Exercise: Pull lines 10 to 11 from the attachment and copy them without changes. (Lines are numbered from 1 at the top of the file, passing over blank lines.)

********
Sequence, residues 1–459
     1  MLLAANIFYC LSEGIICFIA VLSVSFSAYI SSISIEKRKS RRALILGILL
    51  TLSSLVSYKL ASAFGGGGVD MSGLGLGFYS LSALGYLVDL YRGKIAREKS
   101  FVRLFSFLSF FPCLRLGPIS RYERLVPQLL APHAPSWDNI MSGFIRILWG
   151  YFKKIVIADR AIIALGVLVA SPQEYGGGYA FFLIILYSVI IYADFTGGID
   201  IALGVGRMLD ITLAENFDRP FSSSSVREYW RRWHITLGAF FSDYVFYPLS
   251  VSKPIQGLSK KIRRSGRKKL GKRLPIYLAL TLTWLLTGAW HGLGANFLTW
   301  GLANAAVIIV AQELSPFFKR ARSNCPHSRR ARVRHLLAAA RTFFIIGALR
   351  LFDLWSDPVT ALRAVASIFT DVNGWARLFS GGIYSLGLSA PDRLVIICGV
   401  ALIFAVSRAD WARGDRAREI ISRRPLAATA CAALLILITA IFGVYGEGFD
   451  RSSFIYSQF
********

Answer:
   401  ALIFAVSRAD WARGDRAREI ISRRPLAATA CAALLILITA IFGVYGEGFD
   451  RSSFIYSQF